Collecting testimonial evidence is in the land surveyor's wheelhouse and may uncover the best evidence of stabilized boundaries. So how does a surveyor go about this?

First, make certain that your client knows he may bear additional costs in boundary resolution. Perhaps a retainer may be appropriate and/or clear contract language introducing the required services as needed. Second, establish a professional relationship with an attorney and a Court Reporting Service. These are the folks that are capable of deposing clients impartially and harvesting the evidence you are after. Third, offer any disputing parties the opportunity to resolve the issues in mediation. Fourth, be prepared to accept the parties agreement and yield your findings/ opinion to their resolution.

Fifth, as you work through the process be mindful of your regulatory requirements. For example, you may not be able to prepare a final map or set final monuments in a 90 day duration. How do you communicate that with other surveyors and your Licensing Board?

Other Observations
The Supreme Court did not seem to get hung up on the mistake in the deed. The fact that it happen apparently explains the conflict, but I don't think the surveyor was sent to the gallows for it...I hope not anyway. The point is that land is still owned and conveyed regardless of mistakes made in conveying documents.

The public has a right to recognize and accept boundaries in spite of mistakes. Recognition and acceptance of those lines on the ground ripens into fact so strong that our law recognizes owners can't just change their minds afterward. This is a great example of "stability of boundaries". It would be just plain nonsense to rejuvenate an ancient error in a stabilized community. The surveyor apparently has no exception to this law.

Testimony showed that the "wrong" line in this case was in fact exactly where the original buyer and seller put it. The intentions of the parties are paramount and I can't think of a more direct expression than the acts of the parties themselves. They saw, touched, decided, and agreed on these boundaries. There is no disputing that the pins were exactly where the parties wanted them. That's like a having a stick of dynamite in "paper, scissors, rock".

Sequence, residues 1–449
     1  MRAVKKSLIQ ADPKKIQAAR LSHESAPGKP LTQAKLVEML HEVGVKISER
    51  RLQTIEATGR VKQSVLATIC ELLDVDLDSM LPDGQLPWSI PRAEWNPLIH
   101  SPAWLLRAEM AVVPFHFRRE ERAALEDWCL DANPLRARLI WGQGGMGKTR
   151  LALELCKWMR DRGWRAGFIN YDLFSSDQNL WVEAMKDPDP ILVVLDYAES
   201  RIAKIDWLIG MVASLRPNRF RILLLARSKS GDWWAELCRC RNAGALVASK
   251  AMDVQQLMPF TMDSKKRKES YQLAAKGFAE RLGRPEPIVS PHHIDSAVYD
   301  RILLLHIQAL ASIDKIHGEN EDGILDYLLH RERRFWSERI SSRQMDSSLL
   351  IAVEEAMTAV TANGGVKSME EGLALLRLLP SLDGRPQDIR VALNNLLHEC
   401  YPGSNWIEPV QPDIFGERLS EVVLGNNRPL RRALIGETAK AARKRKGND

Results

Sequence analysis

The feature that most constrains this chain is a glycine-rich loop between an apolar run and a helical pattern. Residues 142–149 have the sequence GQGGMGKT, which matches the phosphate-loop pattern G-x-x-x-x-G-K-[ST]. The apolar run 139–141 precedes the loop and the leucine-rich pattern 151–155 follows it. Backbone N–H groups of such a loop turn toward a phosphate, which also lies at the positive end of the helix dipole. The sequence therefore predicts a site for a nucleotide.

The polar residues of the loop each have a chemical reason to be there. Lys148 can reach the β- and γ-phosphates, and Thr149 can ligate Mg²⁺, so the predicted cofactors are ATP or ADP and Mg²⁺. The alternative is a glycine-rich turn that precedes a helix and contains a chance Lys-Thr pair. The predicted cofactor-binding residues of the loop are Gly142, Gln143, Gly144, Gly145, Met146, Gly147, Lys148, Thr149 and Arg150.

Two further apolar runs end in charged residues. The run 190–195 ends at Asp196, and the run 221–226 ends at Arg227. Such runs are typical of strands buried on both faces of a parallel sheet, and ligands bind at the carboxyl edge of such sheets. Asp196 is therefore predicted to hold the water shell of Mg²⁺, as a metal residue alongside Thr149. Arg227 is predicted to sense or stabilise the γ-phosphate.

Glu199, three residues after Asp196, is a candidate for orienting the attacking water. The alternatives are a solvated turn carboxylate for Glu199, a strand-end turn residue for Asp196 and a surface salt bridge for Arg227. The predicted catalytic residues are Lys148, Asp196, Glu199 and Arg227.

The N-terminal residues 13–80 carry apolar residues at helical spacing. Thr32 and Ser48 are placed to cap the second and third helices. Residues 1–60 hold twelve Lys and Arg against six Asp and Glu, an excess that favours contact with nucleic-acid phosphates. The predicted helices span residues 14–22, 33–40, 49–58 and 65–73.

Parting Thoughts
So the questions have to be asked. How can you possibly have "the best available evidence" of a boundary location without interviewing the concerned parties? How can you form an accurate opinion of the true boundary without the best available evidence? Are you truly providing a boundary survey or rather a substandard service without all of the available evidence?

Note: A PDF of this case, (813 S.W.2d 252 (1991), 306 Ark. 258) including the wacky testimony from all the parties, can be found at http://www.amerisurv.com/PDF/813_S.pdf

Jason Foose is the County Surveyor of Mohave County Arizona. He originally hails from The Connecticut Western Reserve Township 3, Range XIV West of Ellicott's Line Surveyed in 1785 but now resides in Township 21 North, Range 17 West of the Gila & Salt River Base Line and Meridian.

Remember the HP35s Calculator series that we put together a while back? Well, the complete collection is available in both PDF and Flip Page formats found at: http://www.amerisurv.com/PDF/Foose_HP35s.pdf or http://www.amerisurv.com/emag/Misc/foosehp35s/index.html

A 460Kb PDF of this article as it appeared in the magazine—complete with images—is available by clicking HERE